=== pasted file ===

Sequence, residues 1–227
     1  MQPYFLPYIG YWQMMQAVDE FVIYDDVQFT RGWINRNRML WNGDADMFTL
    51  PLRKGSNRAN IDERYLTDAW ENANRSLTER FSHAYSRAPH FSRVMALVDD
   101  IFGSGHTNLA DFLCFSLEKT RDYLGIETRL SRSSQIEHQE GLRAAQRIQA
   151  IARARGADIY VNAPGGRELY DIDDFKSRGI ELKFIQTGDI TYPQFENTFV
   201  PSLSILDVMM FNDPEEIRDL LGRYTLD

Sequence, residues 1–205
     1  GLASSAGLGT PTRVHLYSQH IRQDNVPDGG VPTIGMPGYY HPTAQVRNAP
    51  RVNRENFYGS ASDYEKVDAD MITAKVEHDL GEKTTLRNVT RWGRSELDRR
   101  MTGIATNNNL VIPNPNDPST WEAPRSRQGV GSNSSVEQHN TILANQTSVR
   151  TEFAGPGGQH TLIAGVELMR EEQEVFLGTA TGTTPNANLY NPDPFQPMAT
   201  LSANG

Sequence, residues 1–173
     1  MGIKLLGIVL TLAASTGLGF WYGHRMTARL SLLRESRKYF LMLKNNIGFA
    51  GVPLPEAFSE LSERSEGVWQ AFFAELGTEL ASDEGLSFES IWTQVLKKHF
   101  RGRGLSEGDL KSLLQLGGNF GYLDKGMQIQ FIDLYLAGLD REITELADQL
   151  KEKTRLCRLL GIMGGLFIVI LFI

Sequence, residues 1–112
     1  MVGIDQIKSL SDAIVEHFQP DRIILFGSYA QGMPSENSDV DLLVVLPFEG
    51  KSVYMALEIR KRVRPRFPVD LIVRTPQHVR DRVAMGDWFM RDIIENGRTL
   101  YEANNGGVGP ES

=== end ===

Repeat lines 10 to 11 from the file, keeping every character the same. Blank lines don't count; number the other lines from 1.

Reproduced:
   101  MTGIATNNNL VIPNPNDPST WEAPRSRQGV GSNSSVEQHN TILANQTSVR
   151  TEFAGPGGQH TLIAGVELMR EEQEVFLGTA TGTTPNANLY NPDPFQPMAT